The more writing I do the more I love it, but I have a sense of dread as I near completion of a project as the dreaded formatting looms. This is my least favourite part of the process for me, especially preparing for paperback publication
How do you balance marketing one book and writing the next?
I love marketing but I am acutely aware that time management in relation to marketing and writing activities is key. I am a bit geeky in that I plan my day and allocate slots of time for social media, writing and general marketing activities, which is essential when you have a busy home life to juggle as well. Having said that, I am not always successful in keeping to my plan as I can be distracted by a good book!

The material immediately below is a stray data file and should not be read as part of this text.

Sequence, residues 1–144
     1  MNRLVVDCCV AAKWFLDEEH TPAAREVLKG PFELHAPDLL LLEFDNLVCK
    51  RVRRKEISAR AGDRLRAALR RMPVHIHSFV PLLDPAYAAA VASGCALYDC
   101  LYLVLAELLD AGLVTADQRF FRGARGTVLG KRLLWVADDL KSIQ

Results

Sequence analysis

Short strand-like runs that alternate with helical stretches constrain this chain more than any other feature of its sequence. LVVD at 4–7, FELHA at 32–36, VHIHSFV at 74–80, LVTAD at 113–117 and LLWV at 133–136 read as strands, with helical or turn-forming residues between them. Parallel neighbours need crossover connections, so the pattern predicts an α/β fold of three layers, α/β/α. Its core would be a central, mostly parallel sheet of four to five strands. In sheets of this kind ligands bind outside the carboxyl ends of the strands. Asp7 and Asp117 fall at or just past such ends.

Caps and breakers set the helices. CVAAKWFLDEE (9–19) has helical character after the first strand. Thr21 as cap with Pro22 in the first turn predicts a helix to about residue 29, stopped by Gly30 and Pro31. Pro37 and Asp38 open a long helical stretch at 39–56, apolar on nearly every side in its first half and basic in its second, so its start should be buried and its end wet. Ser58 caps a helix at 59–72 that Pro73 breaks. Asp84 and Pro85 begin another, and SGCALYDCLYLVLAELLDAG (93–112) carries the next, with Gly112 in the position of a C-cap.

I am a new first time grandma so any available time is spent with my grandson Shane who is now 13 weeks old.
Tell us one odd thing about you and one really mundane thing.
Odd – I have been known to go out in my slippers by mistake and my kids delight in not telling me until we are in the supermarket.
Mundane – I find clearing up after cooking the dullest task ever, luckily as I am often criticised for my poor stacking of the dishwasher I am banned now from touching it which means I escape the clearing up most days.
What else would you like us to know about yourself and your books?
I am really enjoying helping some aspiring and debut authors at the moment and although relatively new to self publishing myself if I can help any of them by sharing the knowledge I have learned and had shared with me then it will all be worthwhile. The networking aspect of being a published author is awesome and the fact that so many people give of themselves to help others inspires me to reciprocate in any small ways that I can.